Dreaming of Tomatada

My cooking journey started when I was in primary school on weekends when my brother and I were enlisted in the kitchen to help with peeling and chopping of what then seemed like interminable mounds of garlic, onions and potatoes. There was some pounding with the pestle and mortar, and of course, stirring whatever was in the pot on the stove.

Lisboan Canape

This canape reminds me of those days. It was served as a complimentary canape at a restaurant in Lisbon during a blisteringly hot summer afternoon and it was the perfect way to wind down and settle in for lunch. Tomatada on bread dipped in olive oil. It’s commonly served in both Portugal and Spain, and I suppose the Iberian Peninsula’s answer to India’s Tomato chutney.

There are many variations of Tomatada, and, as in all peasant cuisines, there is no one right way to make this lovely sauce. Some recipes call for herbs, onions, peppers etc. In my version, I skin, core and de-seed 2 tomatoes, and blend it with 2 or 3 cloves of garlic. I then boil the mixture down for about half an hour. Serve chilled on a baguette with a drizzle of olive oil.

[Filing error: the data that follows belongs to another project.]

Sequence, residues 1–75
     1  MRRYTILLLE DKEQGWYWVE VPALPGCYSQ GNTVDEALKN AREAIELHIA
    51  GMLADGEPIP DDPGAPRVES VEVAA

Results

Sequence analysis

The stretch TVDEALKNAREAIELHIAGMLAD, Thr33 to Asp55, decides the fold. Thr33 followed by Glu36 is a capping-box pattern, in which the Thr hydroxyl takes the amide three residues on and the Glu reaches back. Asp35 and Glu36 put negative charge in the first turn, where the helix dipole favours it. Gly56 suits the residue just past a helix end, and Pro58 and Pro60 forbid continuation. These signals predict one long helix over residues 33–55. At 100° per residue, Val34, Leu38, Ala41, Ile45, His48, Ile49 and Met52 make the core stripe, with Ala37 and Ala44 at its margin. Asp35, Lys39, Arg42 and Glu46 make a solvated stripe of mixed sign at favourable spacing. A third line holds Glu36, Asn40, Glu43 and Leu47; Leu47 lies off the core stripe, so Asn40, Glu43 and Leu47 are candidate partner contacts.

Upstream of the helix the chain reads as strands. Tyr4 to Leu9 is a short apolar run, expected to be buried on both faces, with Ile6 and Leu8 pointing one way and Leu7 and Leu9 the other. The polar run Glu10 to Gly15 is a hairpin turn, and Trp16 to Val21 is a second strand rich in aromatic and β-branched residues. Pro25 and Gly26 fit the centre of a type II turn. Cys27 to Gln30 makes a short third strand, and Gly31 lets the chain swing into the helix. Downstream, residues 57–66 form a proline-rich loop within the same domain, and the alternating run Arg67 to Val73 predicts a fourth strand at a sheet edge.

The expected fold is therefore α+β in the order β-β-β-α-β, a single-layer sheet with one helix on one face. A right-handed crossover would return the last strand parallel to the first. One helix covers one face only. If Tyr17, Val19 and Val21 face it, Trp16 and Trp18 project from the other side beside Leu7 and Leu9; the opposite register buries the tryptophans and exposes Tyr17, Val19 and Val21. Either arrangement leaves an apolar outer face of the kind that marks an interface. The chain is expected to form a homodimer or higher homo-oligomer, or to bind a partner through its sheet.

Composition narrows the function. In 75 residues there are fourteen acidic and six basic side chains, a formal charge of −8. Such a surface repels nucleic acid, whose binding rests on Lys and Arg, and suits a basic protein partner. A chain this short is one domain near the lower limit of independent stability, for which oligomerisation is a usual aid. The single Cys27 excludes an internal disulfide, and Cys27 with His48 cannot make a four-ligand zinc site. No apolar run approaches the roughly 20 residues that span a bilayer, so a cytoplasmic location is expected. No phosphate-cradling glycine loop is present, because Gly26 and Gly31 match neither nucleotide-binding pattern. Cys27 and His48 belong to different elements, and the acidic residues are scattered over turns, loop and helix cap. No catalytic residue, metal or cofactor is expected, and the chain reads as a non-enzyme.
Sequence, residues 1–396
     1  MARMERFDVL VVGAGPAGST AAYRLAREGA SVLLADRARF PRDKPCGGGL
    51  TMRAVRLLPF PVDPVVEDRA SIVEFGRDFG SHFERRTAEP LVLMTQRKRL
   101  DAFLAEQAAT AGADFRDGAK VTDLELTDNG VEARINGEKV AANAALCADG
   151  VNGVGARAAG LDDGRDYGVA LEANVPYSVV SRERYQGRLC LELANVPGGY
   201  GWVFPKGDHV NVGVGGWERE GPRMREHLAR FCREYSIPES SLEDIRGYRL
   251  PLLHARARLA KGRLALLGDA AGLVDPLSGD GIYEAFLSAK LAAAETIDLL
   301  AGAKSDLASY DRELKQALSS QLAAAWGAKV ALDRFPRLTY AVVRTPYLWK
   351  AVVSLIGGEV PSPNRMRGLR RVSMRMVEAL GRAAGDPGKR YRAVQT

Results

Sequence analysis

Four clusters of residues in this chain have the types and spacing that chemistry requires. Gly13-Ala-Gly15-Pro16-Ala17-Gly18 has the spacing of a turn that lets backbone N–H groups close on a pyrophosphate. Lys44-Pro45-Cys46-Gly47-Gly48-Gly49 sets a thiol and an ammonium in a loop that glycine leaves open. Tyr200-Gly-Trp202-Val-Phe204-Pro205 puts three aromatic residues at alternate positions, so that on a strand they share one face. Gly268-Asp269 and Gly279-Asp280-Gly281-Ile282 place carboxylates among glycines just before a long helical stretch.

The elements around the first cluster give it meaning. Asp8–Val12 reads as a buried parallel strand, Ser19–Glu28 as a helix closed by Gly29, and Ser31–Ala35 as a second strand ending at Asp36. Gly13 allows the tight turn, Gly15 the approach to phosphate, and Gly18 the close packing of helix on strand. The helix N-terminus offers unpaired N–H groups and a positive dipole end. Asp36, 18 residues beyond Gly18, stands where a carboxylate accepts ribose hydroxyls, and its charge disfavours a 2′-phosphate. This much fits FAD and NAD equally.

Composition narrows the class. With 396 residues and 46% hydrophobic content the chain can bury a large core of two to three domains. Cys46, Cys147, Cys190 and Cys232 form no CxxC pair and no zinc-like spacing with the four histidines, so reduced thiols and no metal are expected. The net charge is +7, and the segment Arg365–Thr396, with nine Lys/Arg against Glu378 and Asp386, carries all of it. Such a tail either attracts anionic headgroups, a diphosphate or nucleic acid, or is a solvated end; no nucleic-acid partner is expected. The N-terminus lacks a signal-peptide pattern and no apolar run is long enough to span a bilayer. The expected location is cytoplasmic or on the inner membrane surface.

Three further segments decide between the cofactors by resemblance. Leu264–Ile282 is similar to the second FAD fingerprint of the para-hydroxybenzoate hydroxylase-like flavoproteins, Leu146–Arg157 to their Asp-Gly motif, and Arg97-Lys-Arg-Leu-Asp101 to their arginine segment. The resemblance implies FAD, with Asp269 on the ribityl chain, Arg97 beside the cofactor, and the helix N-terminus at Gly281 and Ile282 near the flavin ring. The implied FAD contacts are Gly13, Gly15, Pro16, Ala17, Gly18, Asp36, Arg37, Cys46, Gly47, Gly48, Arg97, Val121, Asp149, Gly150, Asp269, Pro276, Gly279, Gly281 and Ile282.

I used to make this for Friday evenings when William would knock off work a little earlier. We used to live in Canary Wharf back then, and the celebratory Friday mood would be everywhere with bars filled up by 5pm. I would shop at Waitrose for the ingredients after lunch, and round about 3pm, start making this together with the baguette. It altogether made an elegant start to the weekend with a glass of Shiraz.

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